Publication Date: March 3, 2010
ATLANTA, GA—The American Medical Association (AMA) and the Markle Foundation joined together to conduct coordinated surveys that examine physician and patient views of electronic personal health records (PHRs). Selected results of these surveys are being presented today at the 2010 HIMSS Conference in Atlanta.
“Our surveys over the years have found that large numbers of consumers see the benefits of accessing their health information and connecting to health services online. Our work with the AMA validates that many doctors also see the potential of this rapidly evolving technology,” said Carol Diamond, MD, MPH, managing director at the Markle Foundation.
“By asking physicians and patients comparable questions about PHRs, we see that patients and physicians have some similar and some contrasting views. Members of both groups often agree on the potential of PHRs to help individual patients and their families better manage their care, but many doctors also express important concerns about PHR use, like privacy and accuracy of data,” said Matthew Wynia, MD, MPH, director of the Institute for Ethics at the AMA.
Four out of five Americans believe using an online PHR would provide major benefits to individuals in managing their health and health care services, with 86 percent or higher saying that PHRs could help them avoid duplicated tests, keep doctors informed, move more easily from doctor to doctor, check the accuracy of their medical records, and track personal health expenses.
While less than 20 percent of physicians have significant experience using PHRs, half agree that PHRs can “help empower patients to participate in their care” and 44 percent are willing to make use of PHRs as part of their clinical work.
Both patients and physicians cited privacy as a chief concern with PHRs. Of those surveyed, 87 to 92 percent of consumers said that privacy protection would factor into their decision to use an online PHR. Similarly, 70 percent of physicians agreed that PHRs may not have adequate privacy protections. Other concerns cited among physicians include the possibility that PHRs could contain inaccurate information (79 to 85 percent were concerned about this), create liability risks (76 percent), and that physicians would not be reimbursed for time spent reviewing PHRs (63 percent).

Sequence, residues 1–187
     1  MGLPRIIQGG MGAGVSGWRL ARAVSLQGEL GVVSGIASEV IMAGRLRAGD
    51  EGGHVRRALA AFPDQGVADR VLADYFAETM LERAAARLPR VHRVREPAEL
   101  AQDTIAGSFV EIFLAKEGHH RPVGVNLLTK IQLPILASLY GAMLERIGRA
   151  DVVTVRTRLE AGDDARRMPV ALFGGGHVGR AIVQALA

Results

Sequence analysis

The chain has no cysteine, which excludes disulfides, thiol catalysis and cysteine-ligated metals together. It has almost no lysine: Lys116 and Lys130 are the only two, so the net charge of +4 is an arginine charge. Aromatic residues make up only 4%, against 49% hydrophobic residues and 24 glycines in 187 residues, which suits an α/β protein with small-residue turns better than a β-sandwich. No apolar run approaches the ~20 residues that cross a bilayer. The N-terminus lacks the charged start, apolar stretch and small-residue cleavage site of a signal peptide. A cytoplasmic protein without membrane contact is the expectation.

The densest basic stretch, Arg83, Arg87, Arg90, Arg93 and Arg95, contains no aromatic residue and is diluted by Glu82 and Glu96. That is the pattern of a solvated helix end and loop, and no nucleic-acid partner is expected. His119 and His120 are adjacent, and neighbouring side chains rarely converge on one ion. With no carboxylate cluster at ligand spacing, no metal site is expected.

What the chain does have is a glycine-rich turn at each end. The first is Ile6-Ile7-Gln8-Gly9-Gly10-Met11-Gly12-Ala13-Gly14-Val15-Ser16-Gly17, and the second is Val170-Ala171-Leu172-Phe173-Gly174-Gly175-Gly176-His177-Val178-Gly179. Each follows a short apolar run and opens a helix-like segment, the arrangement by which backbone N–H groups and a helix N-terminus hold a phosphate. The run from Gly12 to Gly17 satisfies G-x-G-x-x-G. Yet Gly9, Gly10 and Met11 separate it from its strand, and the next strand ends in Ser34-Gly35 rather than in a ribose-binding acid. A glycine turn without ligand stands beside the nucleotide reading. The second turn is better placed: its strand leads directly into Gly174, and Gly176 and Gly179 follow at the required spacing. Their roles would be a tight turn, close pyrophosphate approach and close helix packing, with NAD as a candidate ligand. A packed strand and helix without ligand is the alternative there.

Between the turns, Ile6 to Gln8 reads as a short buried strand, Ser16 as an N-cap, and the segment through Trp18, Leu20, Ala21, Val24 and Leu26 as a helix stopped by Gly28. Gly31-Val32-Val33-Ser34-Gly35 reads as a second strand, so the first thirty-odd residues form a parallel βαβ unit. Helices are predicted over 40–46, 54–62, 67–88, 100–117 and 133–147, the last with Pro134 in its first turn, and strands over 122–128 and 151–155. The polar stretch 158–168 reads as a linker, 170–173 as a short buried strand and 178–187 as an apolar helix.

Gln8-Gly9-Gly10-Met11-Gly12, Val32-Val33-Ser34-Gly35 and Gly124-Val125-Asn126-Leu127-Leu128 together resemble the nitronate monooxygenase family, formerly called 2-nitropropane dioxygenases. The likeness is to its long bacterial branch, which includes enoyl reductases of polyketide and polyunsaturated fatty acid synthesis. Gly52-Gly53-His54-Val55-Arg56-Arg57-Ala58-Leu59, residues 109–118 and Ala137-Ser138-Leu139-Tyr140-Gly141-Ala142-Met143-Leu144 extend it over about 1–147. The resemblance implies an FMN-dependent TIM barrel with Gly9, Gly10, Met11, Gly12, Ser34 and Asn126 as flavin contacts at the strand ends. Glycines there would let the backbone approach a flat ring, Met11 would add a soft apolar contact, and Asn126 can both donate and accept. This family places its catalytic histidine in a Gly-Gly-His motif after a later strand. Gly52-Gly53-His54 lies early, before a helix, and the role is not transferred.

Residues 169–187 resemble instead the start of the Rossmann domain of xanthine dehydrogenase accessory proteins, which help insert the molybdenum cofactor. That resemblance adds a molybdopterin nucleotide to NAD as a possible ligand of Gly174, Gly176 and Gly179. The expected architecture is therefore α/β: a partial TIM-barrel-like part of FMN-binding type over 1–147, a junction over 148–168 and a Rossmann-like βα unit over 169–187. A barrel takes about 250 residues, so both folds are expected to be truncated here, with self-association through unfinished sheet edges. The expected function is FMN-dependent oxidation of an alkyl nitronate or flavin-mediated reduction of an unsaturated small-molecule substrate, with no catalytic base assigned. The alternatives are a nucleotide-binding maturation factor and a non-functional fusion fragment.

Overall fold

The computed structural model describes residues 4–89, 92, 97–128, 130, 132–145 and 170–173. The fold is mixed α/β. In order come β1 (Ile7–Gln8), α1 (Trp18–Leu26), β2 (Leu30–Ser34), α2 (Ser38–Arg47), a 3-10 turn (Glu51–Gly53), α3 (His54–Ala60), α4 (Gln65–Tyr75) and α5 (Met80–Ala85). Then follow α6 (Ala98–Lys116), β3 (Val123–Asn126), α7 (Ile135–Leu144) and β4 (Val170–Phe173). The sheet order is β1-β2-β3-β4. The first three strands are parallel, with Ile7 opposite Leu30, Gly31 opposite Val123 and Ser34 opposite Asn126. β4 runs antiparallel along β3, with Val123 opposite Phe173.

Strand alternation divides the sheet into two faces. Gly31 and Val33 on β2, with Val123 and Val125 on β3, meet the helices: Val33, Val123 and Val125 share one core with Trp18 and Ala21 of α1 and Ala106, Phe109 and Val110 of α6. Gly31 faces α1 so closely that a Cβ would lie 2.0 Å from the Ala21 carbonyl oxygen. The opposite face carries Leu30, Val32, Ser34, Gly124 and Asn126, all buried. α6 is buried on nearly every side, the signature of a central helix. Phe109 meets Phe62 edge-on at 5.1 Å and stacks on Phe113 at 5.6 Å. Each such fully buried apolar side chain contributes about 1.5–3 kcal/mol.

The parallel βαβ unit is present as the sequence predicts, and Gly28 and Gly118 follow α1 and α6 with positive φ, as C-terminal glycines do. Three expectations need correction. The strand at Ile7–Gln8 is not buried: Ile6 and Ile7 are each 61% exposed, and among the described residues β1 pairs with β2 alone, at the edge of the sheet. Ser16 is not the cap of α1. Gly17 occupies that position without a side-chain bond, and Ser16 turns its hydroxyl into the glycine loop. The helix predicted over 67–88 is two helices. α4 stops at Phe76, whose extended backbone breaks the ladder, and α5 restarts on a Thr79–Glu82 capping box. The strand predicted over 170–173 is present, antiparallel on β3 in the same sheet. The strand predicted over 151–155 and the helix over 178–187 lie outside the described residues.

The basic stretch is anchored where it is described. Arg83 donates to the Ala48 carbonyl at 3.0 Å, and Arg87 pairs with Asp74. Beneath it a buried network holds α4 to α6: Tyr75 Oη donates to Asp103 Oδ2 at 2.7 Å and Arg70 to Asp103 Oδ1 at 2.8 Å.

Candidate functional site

“The great majority of physicians haven’t used PHRs yet, so these concerns reflect expectations more than current practice,” Dr. Wynia said. “These surveys can help us understand and proactively address physicians’ and patients’ hopes and concerns about PHRs, which is critical to moving forward and using these new tools effectively,” said Dr. Wynia.
“Today’s presentation provides some interesting glimpses into attitudes among doctors and the public as health IT tools become more widespread, and much more study is needed,” said Josh Lemieux, director of personal health technology at Markle. “It’s increasingly important to understand how individuals use the Internet to pull together copies of their health information, generate new information about themselves such as with home monitoring devices, and share electronic information with doctors in order to make more informed health decisions.”
The Markle Survey of Consumers
The questionnaire was developed by Professor Alan F. Westin and Josh Lemieux of the Markle Foundation, with inputs from the Markle staff and Dr. Wynia. Knowledge Networks created a national sample of 1,580 respondents representative of the total adult (19+) US population (estimated at 228 million), covering both persons who use the Internet and those who do not. Responses were collected by a special online process between May 13 and 22, 2008. Knowledge Networks places the error rate for this sample at ±2.5 percent.
The AMA Survey of Physicians
The survey was developed through collaboration between the Institute for Ethics and AMA Health Information Technology Initiatives, with funding from the Markle Foundation. Results are derived from a national survey in 2008–09 of patient-care physicians, with oversampling of OB/GYNs and psychiatrists. The analysis is based on 856 respondents (response rate: 52.1 percent) and is weighted to reflect the general population of physicians. The figure of 44 percent willingness to use PHRs is also statistically adjusted to account for variations in physician specialty, gender, and other demographic variables (the unadjusted value is 42 percent).